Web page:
An article in The Atlantic explains that lowering the cost of insulin could turn deadly. According to The Atlantic:
The Inflation Reduction Act, passed last month, aims to help people… by lowering the cost of insulin across America. …Democrats succeeded in capping expenses for the drug among Americans on Medicare at $35 a month, offering meaningful savings for our seniors, some of whom will save hundreds of dollars a month thanks to the measure.
Indeed, laws capping co-payments for insulin are welcome news both financially and medically to patients who depend on the drug for survival. However, in their current version, such laws might backfire, leading to even more diabetes-related deaths overall.
Here is why cheap insulin may increase deaths. For the 10% of diabetics who have Type 1 diabetes, insulin is required to replace the insulin their body does not produce. About 90% of diabetics have Type 2 diabetes and are insulin resistant. Using insulin to treat high blood sugar in Type 2 diabetes is not recommended as the first line of treatment, or the second, or the third.
Insulin comes with many downside risks. It can lead to dangerously low blood sugar. Jabbing yourself is inconvenient and painful. Insulin injections lead to weight gain and do not protect against other problems associated with Type 2 diabetes.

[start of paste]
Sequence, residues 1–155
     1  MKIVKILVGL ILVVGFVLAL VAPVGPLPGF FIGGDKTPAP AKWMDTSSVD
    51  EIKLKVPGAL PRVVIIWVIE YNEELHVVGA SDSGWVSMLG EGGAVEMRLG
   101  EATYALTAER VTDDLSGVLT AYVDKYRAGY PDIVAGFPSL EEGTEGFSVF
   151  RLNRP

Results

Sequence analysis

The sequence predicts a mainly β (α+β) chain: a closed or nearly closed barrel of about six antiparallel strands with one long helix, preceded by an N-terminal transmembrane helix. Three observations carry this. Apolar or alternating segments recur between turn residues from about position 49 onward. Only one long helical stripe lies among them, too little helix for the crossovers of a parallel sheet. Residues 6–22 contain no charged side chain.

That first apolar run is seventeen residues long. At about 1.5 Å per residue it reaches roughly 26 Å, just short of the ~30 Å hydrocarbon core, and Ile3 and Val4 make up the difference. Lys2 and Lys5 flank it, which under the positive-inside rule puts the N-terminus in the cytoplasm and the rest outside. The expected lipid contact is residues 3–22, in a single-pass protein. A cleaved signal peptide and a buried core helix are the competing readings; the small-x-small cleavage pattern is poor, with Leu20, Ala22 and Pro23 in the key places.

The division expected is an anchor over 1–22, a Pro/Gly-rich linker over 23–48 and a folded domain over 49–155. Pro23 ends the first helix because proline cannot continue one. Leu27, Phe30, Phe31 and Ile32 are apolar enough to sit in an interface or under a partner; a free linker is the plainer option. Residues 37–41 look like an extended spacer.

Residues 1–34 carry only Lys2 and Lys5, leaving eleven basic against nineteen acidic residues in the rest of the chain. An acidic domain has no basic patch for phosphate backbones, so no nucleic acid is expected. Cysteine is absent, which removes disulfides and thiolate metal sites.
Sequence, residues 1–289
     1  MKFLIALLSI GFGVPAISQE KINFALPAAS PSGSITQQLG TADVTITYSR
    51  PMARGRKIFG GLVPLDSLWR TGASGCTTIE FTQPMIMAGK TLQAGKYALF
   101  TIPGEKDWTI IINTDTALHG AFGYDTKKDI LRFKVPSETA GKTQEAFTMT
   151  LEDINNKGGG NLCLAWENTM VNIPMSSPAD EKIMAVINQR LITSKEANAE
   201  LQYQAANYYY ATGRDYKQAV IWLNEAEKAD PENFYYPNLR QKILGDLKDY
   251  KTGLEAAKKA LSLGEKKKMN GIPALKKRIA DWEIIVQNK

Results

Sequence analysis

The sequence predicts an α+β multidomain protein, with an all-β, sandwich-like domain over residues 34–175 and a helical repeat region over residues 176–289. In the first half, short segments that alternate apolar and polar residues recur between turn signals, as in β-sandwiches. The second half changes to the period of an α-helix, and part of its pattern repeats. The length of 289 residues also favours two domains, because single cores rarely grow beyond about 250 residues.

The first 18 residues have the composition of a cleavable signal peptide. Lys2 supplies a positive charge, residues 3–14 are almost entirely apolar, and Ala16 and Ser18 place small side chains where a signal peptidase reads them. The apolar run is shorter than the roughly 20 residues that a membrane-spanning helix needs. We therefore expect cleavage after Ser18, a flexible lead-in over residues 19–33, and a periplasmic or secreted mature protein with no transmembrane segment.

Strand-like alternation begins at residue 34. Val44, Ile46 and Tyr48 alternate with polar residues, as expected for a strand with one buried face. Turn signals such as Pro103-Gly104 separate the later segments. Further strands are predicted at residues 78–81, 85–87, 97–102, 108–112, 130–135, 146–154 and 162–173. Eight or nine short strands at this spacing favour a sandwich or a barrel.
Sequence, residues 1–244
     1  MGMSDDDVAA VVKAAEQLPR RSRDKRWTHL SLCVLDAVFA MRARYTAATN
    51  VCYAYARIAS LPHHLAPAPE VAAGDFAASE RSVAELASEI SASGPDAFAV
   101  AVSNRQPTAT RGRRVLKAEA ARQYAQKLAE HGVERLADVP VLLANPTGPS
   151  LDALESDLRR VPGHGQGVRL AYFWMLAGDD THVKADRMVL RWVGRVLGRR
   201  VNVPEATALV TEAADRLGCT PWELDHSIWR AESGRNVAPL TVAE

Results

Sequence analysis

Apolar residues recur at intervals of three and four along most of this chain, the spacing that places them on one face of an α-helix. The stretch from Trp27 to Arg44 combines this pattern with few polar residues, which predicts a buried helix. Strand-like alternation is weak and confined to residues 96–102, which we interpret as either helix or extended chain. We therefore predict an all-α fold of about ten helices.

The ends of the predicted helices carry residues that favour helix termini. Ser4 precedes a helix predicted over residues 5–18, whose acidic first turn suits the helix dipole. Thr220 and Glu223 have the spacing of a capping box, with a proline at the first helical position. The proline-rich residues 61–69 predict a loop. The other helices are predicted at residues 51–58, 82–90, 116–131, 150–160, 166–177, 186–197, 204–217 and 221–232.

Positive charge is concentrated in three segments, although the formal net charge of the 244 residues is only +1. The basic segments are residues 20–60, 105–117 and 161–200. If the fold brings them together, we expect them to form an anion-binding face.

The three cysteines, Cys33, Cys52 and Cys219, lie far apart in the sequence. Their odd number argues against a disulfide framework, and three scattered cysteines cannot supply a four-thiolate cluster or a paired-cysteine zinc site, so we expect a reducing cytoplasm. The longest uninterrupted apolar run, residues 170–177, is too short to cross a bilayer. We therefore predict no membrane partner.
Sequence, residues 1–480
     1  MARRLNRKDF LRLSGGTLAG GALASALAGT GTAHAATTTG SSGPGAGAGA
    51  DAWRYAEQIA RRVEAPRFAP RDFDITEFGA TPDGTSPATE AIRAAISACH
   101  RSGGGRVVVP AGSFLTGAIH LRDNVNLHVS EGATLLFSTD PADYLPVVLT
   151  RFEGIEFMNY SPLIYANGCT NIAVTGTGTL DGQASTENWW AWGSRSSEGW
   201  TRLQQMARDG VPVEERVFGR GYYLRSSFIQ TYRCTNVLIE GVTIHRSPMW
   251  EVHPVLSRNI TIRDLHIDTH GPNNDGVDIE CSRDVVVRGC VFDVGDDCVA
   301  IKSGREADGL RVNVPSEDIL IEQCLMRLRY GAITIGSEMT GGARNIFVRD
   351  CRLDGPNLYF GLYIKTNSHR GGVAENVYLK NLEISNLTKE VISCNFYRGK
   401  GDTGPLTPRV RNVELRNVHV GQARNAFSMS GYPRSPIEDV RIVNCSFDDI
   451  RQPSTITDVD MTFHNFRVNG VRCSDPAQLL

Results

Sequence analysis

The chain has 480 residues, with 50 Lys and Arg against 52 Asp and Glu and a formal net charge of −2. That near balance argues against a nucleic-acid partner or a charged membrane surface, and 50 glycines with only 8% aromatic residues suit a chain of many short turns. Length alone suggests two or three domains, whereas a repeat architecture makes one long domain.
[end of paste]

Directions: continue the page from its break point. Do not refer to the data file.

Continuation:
Foremost and finally, although insulin is excellent at tamping down high blood sugar—the hallmark of diabetes and the driver of some of its complications—it is not as impressive as other medications at mitigating the most deadly and debilitating consequences of the disease: heart attacks, kidney disease, and heart failure.
What should Type 2 diabetics take instead of insulin?
Large clinical trials have shown that two newer classes of diabetes medicines, SGLT2 inhibitors and GLP-1 receptor agonists, outperform alternatives (including insulin) in reducing the risk of these disabling or deadly outcomes. Giving patients these drugs instead of older options over a period of three years prevents, on average, one death for about every 100 treated. And SGLT2 inhibitors and GLP-1 receptor agonists pose less risk of causing dangerously low blood sugar, generally do not require frequent injections, and help patients lose weight. Based on these data, the American Diabetes Association now recommends SGLT2 inhibitors and GLP-1 receptor agonists be used before insulin for most patients with type 2 diabetes.
Despite the efficacy of SGLT2 inhibitors and GLP-1 receptor agonists only about 10% of Type 2 diabetics are taking them. These newer treatments are protected by patents and are expensive. Thus, most patients opt for cheaper alternatives, which will now likely to be insulin. All the talk about insulin being too expensive was something of a red herring.